Correction of Alar Rim Deformities







  • Chapter Contents



  • Correction of Hanging Ala 226



  • Correction of Thick Ala 227



  • Correction of Alar Concavity 229



  • Correction of Alar Convexity 229



  • Correction of Alar Retraction 230



  • Correction of Excess Columellar Show 233




Online Contents


Animations


Correcting Alar Retraction Animation 11.1




Pearls





  • The optimal ala–columella relationship on the profile requires a symmetric oval outline of the nostril in conjunction with the columellar base that is bisected by the line connecting the most anterior and posterior ends of the nostril.



  • Ideally, there is 3–4 mm columellar show caudal to the alar rim. Increased distance cephalad to the bisection line is an indication of an alar retraction, while an increase caudally is a reflection of columella protrusion. A decrease in this distance caudally is an indication of columella retraction, and a decreased distance cephalically may denote a hanging ala.



  • Concavity of the ala may exist as a result of natural weakness, over-resection of the lower lateral cartilage, or cephalic malpositioning of the lower lateral cartilages.



  • A lateral crura spanning suture, a transdomal suture, or a combination of these can also result in a concave ala.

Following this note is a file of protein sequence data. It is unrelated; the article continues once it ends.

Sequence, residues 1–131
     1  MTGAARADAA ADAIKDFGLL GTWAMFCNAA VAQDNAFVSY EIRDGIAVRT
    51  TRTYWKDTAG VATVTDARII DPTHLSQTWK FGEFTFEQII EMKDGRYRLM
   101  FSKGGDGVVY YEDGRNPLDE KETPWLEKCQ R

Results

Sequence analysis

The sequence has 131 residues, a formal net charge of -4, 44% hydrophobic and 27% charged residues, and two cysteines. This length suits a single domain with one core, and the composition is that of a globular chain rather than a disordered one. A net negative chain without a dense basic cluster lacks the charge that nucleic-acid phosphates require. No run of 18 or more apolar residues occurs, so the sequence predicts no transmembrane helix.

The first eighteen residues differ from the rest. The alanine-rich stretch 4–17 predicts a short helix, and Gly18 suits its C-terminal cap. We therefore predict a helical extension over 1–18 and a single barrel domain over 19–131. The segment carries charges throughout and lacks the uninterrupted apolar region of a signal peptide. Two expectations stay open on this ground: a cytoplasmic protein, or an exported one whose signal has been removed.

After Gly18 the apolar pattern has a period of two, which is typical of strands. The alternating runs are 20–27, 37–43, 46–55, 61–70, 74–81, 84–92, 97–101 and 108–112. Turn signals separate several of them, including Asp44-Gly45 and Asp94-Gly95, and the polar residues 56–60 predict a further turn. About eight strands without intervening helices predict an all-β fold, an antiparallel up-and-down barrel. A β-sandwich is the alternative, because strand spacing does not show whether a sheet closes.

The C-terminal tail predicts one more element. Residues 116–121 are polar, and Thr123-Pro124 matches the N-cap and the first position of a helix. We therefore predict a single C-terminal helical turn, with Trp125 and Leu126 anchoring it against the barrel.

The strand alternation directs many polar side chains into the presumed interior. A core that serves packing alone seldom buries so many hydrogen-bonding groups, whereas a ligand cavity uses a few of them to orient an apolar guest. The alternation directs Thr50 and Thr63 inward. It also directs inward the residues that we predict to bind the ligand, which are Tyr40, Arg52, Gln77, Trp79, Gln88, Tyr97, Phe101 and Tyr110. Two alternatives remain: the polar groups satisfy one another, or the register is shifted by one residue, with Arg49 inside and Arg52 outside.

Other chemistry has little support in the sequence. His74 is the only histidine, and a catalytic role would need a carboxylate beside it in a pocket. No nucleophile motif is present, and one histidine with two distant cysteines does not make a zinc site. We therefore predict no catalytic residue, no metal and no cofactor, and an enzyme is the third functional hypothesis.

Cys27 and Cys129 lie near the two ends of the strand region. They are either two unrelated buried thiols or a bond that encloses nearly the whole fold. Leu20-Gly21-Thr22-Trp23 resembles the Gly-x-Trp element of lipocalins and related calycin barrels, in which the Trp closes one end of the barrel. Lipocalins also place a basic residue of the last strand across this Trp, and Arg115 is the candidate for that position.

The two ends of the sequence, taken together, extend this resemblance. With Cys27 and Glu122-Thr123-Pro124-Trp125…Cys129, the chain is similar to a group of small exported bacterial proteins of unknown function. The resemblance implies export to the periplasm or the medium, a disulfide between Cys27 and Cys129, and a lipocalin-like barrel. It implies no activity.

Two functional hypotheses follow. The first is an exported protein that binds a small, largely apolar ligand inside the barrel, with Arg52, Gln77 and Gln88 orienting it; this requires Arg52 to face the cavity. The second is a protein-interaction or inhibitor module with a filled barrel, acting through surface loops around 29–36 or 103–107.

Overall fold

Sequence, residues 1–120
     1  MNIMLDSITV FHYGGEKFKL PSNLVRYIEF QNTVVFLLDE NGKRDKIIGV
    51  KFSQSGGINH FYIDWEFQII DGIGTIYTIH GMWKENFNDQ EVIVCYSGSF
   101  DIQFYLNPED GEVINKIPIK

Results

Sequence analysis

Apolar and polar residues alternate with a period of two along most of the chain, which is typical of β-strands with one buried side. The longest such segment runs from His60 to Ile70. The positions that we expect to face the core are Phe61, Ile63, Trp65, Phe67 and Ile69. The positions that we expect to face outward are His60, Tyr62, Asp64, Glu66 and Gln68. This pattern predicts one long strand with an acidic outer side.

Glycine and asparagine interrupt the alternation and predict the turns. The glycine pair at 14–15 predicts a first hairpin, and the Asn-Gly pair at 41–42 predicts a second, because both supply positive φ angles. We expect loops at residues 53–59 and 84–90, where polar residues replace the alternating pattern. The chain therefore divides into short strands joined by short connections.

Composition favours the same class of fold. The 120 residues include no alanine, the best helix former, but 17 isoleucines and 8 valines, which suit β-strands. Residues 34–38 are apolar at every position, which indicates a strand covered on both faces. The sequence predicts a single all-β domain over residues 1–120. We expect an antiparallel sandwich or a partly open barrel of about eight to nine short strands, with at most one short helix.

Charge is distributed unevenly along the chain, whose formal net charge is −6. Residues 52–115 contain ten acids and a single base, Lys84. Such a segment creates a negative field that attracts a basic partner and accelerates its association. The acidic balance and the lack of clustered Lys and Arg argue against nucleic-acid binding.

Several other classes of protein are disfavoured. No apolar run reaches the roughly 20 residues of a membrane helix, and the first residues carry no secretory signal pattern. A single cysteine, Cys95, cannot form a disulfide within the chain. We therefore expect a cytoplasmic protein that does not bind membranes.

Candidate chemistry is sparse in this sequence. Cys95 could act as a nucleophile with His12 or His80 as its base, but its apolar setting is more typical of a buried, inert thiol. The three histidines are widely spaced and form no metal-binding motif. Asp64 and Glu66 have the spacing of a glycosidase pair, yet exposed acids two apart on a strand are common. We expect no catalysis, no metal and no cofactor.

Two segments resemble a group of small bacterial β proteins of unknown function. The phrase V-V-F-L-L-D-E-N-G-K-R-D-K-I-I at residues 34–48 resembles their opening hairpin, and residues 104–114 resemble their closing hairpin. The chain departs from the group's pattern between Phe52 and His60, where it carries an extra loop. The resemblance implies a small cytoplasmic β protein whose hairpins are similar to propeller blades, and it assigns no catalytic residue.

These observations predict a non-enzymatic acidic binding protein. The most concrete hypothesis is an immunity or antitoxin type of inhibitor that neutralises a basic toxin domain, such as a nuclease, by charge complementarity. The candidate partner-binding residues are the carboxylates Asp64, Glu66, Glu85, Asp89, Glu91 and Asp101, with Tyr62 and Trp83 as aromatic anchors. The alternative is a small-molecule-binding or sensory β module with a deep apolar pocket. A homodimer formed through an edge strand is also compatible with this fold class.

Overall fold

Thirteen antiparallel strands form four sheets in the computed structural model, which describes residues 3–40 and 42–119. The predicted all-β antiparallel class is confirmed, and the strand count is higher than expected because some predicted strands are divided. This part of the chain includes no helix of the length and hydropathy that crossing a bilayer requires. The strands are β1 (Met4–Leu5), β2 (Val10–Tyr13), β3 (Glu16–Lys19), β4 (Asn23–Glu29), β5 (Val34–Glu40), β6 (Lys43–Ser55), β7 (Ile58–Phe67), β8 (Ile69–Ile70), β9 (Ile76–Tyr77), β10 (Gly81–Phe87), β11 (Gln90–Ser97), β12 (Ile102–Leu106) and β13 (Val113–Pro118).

• To correct the hanging ala, an ellipse is designed within the vestibular lining. The lining and the underlying fibrofatty tissues are excised, and fast absorbable 6-0 catgut is used to repair the defect.



  • Alar thickness can be reduced by removing an elliptical piece of soft tissue as far medially along the caudal border of the alar rim as possible.



  • Alar convexity can be effectively corrected with a transdomal suture, lateral crura spanning suture, or lateral crura convexity control suture.



  • Mild to moderate alar rim retraction can be corrected by placement of an alar rim graft.



  • An effective means of correcting alar retraction is a V-Y advancement of the alar lining along with placement of an alar rim graft.